Mayors' group urges bigger military role in emergency response

The U.S. Conference of Mayors on Monday recommended changes to the federal government's procedures for responding to emergencies, including greater military assistance and "fixing" the role of the Federal Emergency Management Agency.

"The current legal paradigm is that the military is viewed as the 'resource of last resort' deployed to restore order," the group said in a statement. "Because of the sheer magnitude of the hurricane events recently experienced, and because acts of terrorism may spring up during or in the wake of such natural disasters, it is advantageous to consider an increased role for the military in disaster response."

Beverly O'Neill, who is the president of the conference and mayor of Long Beach, Calif., said cities need the authority to access military resources during the first critical hours and days following a natural disaster or terrorist attack.

The group announced the recommendations after a closed-door meeting with Homeland Security Secretary Michael Chertoff where they discussed their proposals and asked for a seat at the table as President Bush and the secretary discuss the military's role and other issues after hurricanes Katrina and Rita. O'Neill said Chertoff vowed to work with the mayors but did not assure them that the department would meet their recommendations.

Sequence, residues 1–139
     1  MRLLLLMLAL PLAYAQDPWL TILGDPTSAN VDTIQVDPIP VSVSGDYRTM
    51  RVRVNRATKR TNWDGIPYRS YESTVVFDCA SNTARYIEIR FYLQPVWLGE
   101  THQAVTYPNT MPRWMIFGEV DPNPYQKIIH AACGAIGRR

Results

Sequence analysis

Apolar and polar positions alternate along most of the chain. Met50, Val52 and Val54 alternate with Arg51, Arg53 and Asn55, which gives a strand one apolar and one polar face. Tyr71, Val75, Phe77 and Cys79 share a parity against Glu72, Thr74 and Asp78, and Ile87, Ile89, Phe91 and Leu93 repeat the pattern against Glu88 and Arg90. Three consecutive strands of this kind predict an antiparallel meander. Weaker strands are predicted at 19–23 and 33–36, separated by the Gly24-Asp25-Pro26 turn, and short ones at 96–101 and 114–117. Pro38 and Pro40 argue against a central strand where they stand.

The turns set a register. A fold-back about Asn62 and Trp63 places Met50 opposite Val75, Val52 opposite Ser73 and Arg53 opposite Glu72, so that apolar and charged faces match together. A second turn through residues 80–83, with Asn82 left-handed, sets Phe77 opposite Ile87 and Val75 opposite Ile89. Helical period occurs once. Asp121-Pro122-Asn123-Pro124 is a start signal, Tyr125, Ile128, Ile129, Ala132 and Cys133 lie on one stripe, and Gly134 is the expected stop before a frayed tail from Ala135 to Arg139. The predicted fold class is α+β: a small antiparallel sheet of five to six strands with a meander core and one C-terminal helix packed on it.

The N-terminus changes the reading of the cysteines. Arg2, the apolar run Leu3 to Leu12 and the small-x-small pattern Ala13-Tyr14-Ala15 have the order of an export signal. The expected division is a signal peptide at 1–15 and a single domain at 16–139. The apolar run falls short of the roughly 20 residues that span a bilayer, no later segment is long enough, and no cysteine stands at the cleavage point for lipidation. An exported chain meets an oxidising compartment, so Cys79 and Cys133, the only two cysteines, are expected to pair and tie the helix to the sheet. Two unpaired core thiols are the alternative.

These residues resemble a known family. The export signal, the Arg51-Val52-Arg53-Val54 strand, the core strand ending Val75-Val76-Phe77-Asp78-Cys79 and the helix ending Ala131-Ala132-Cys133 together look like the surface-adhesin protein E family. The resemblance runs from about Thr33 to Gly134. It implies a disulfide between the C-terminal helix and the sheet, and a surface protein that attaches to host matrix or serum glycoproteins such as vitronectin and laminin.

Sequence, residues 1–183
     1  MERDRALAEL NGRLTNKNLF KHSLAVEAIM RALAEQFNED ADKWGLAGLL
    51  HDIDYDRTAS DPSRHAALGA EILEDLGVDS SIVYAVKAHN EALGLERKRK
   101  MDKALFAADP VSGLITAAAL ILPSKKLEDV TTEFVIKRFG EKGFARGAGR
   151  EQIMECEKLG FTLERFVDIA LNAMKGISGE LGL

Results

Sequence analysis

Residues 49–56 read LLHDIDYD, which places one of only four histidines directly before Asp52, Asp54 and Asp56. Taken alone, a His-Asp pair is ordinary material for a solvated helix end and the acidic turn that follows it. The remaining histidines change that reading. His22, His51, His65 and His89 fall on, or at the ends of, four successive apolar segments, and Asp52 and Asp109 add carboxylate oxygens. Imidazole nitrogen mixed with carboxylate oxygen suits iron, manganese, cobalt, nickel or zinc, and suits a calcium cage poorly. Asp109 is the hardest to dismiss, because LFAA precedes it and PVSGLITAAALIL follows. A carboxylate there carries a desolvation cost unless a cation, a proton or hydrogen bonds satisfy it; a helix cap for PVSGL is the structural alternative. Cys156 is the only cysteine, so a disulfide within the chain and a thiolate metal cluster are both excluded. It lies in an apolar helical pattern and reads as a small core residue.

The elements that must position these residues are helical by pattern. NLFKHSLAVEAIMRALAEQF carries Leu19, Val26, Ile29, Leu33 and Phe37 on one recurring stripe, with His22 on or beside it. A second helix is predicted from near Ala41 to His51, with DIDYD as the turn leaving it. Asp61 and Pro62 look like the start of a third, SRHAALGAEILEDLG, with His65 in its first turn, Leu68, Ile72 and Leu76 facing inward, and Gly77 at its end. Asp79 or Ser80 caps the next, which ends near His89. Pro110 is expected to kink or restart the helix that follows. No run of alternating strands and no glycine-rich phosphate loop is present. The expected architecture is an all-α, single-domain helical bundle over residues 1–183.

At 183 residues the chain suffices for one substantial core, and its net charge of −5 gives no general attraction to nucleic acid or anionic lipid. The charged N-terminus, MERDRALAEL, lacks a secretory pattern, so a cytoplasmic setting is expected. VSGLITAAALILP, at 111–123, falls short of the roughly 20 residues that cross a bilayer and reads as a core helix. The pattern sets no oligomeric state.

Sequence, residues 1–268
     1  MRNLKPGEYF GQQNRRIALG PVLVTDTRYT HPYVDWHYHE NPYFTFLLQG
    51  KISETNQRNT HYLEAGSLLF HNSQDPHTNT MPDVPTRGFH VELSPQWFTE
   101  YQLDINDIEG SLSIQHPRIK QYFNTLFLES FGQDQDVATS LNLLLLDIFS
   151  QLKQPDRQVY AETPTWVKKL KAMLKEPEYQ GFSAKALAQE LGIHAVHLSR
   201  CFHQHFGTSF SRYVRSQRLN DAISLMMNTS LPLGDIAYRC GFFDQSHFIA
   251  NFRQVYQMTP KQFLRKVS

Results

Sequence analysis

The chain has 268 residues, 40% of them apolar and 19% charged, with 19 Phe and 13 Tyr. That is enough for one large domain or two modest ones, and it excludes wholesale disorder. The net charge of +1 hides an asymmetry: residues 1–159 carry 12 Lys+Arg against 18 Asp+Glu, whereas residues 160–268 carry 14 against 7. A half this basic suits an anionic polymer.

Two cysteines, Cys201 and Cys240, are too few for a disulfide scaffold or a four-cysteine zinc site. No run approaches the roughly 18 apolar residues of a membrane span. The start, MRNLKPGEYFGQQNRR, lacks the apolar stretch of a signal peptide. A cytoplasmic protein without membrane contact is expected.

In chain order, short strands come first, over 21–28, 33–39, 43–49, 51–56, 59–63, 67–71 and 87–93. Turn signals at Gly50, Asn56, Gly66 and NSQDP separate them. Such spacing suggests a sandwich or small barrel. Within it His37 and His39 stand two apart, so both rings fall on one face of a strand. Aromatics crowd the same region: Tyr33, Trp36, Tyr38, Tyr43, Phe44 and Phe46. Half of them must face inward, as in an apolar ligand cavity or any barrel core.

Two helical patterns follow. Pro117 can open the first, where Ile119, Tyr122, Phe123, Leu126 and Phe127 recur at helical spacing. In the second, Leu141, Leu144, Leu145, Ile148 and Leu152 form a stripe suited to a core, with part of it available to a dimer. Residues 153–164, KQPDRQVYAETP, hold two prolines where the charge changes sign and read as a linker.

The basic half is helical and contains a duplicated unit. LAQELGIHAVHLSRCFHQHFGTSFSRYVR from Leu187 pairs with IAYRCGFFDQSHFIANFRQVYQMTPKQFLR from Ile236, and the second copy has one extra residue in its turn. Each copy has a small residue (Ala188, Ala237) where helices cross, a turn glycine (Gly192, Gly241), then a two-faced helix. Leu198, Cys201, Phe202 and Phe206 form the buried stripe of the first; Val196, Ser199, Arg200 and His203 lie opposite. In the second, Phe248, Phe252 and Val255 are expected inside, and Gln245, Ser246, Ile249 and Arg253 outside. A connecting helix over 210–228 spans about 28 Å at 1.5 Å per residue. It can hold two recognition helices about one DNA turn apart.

The mayors said they would like the Bush administration and Congress to let FEMA reimburse cities that provide "first responders" and other resources to other cities during emergencies. They also would like the federal government to address liability concerns that city officials have when sending assets to other cities.

The group said Congress should provide funding to help police officers, firefighters and other emergency personnel to acquire technology so they can communicate effectively during crises. Congress has been providing funding to solve the so-called interoperability problem since the Sept. 11, 2001 terrorist attacks.

The mayors said Congress must restore funding cuts for first-responder grants. Lawmakers earlier this month cut $600 million from the grants, arguing that billions of dollars from previous years had not been spent.

The mayors said they are frustrated with Congress' decision. They said state governments have yet to push the money down the pipeline to local governments. To alleviate the problem, the mayors recommended that Congress restructure the grants to distribute funding directly to the local officials.

The mayors also want the government to let city officials use the current funding streams for first responders for a 311 system. The system, similar to the emergency 911 telecommunications system, would be used to handle large volumes of incoming calls during city-wide emergencies.

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